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NVIDIA’s RTX GPUs’ True Potential Is Seen in RTX-Supported Games

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RTX 2080 versus GTX 1080 Ti

NVIDIA (NVDA) designed the Turing platform specifically for ray tracing, and that is visible from its gaming performance when compared to the previous generation’s Pascal.

The GeForce RTX 20 series is built on TSMC’s (TSM) 12 nm (nanometer) node compared to the 16 nm GTX 1080 and 1080 Ti, giving the former the performance benefit of a smaller node. The RTX 2080 Ti features 4,352 CUDA cores compared to the GTX 1080 Ti’s 3,584 CUDA cores.

The RTX 2080 Ti has 11 GB (gigabyte) of Samsung’s (SSNLF) GDDR6 (graphics double data rate) memory, whereas the GTX 1080 Ti has 11 GB of GDDR5 memory. Moreover, the RTX 2080 Ti has the benefit of streaming multiprocessor architecture, which allows for parallel processing.

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Despite having the performance benefits of a smaller manufacturing node, better memory, and improved architecture, the RTX 2080 does not provide any significant improvement from the GTX 1080 Ti in running games that only use traditional rasterization technology. Almost all games at present use rasterization technology.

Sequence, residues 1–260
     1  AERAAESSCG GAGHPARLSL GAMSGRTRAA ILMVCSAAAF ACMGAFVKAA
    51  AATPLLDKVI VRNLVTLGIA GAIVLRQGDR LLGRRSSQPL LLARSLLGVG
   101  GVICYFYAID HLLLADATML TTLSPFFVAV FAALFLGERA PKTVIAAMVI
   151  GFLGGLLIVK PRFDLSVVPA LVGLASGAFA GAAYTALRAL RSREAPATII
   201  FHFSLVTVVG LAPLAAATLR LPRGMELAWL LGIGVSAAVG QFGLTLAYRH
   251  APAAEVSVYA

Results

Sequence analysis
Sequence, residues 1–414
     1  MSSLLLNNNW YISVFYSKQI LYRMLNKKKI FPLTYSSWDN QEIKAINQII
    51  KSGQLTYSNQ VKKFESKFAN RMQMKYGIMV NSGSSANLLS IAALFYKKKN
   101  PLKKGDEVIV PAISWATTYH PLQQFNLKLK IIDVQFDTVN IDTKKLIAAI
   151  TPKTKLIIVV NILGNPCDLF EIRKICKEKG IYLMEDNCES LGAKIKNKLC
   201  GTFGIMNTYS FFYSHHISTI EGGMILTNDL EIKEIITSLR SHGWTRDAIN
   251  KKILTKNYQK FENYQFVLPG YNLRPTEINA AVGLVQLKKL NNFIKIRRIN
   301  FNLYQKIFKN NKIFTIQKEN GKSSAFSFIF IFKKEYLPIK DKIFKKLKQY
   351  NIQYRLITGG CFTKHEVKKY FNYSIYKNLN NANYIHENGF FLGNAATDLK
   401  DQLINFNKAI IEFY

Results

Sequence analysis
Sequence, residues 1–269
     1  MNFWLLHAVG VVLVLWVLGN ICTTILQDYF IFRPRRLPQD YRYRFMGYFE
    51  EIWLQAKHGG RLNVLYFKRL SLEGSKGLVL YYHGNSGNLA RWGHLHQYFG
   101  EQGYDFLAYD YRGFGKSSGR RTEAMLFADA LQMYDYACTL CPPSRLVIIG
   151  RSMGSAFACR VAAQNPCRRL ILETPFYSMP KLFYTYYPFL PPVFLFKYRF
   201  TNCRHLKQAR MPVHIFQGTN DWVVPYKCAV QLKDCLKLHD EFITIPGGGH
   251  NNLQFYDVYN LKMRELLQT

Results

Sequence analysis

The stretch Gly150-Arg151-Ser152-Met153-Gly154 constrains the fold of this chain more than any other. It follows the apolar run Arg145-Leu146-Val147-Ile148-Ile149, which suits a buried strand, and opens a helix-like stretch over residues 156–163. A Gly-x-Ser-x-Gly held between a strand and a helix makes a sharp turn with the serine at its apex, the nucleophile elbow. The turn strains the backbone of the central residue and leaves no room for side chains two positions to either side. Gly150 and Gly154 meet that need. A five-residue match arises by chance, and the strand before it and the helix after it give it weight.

RTX 2080’s true potential is visible in ray tracing

NVIDIA’s RTX 2080’s true potential is visible in games that use ray tracing technology to look like movies. In its presentation, NVIDIA did not compare the performances of the RTX 2080 and the GTX 1080 Ti using the traditional TeraFLOPS (floating point operations per second) standards. Instead, it showed the performance of its RTX cards using two new measures: RTX-OPS, which shows a card’s average performance across operations such as shading and ray tracing, and GigaRays per second, which measures a card’s ray tracing speed. Based on these measures, the RTX 20 GPUs offer six times the performance GTX 10 GPUs offer in terms of ray tracing.

NVIDIA’s CEO, Jensen Huang, stated that Turing is a new computing model and needs new performance standards. If ray tracing gains popularity, NVIDIA’s RTX 2080 GPU will provide a huge performance leap from its predecessor, the GTX 1080 Ti.

However, investors are more interested in the adoption of NVIDIA’s Turing GPUs by gamers. We’ll look into this next.

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